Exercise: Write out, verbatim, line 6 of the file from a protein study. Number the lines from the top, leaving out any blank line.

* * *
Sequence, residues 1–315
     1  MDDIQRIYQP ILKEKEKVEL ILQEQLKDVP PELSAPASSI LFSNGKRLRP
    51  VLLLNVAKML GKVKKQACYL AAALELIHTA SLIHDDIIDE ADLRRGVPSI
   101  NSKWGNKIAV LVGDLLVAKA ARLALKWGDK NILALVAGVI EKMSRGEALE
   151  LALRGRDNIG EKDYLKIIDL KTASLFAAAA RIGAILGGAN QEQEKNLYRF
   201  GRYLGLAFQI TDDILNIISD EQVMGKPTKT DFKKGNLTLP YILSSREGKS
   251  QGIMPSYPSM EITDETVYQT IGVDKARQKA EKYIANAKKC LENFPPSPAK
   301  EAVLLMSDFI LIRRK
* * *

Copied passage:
   201  GRYLGLAFQI TDDILNIISD EQVMGKPTKT DFKKGNLTLP YILSSREGKS